New OQO gives boost to UMPCs

New OQO gives boost to UMPCs

OQO has added HSDPA broadband to its mobile devices

OQO has released an updated version of its ultra-mobile PC, adding HSDPA mobile broadband capability to the device to enable users to be connected anywhere they go. The new model could mark the beginning of more widespread adoption of UMPCs in business as more capable systems come to market.

Available immediately, the new OQO is identical to the current Model e2 and keeps the same name, but supplements Wi-Fi with an internal HSDPA adapter for a high-speed data connection on the go.

OQO chief executive Dennis Moore said that UMPCs like the Model e2 are small enough to fit in a jacket pocket, which turns them into a device the user always has with them.

"When you have a device as small as this, people want internet connectivity on the go, and Wi-Fi just isn’t prevalent enough," he said. He distinguished UMPCs from smartphones because they run standard Windows applications, and can be used more easily for editing spreadsheets and other Office documents.

The addition of HSDPA adds about 18g to the weight of the Model e2 and ups the price to about £1,099. An extra antenna has also been added that can be extended out from the case if signal strength is low, OQO said. But while the Model e2 is designed to connect to a mobile network, it cannot make cellular calls. The firm said it sees the system as a data-oriented device, although Moore said he used his own unit to make Skype internet calls.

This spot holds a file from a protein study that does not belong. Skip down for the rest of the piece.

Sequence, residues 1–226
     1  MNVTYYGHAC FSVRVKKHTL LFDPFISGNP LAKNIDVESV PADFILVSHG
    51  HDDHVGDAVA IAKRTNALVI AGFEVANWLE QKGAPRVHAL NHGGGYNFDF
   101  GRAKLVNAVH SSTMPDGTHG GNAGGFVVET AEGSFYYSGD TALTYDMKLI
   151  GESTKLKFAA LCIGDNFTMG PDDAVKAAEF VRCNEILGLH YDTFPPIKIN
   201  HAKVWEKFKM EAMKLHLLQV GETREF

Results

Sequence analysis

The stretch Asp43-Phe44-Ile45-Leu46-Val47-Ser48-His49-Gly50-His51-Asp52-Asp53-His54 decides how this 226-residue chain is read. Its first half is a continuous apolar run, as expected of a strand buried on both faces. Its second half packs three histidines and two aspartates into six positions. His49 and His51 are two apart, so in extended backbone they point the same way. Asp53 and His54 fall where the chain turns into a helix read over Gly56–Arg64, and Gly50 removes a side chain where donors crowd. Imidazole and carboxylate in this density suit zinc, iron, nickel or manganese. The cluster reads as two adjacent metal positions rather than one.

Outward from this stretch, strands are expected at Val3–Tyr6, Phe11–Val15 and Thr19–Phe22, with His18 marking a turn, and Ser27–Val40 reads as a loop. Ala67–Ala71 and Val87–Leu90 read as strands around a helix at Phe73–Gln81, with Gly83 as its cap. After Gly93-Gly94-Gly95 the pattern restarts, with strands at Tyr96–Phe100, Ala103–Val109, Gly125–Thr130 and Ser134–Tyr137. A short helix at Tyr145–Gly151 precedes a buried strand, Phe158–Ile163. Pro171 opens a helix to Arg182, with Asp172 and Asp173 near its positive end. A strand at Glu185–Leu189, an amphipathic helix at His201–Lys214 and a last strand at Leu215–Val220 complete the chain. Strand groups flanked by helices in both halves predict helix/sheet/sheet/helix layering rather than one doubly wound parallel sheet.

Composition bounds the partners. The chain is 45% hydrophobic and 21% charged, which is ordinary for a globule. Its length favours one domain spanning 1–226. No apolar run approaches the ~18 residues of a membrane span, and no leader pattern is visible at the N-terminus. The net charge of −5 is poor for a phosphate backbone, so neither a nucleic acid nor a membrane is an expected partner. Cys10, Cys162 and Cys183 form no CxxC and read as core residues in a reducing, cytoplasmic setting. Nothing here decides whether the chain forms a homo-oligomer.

Richard Brown, vice president of marketing at VIA, said he expected UMPCs to enter the mainstream in 2008.

"Convergence between the PC and mobile worlds will happen on the x86 platform, and the battery life is now getting there," he said. As well as OQO, VIA's low-power C-7M chip is in several forthcoming UMPCs, including the Samsung Butterfly and Gigabyte M704, and the firm has just begun shipping its Mobile ITX mainboard, which shrinks a PC motherboard to about the size of a credit card.

IDC analyst Eszter Morvay said she sees interest growing in the UMPC space, but that the market is likely to evolve slowly.

"The UMPC is a bit obscure rather than a properly defined category. Usage scenarios are also a little unclear and a bit niche so far," she said. Battery life and price will remain barriers to large adoption, although the UMPC will “gain traction” in 2008, she added.

"The mainstream laptop market is so huge, I doubt UMPCs will grow to double digit share [of the mobile PC sector]," she said.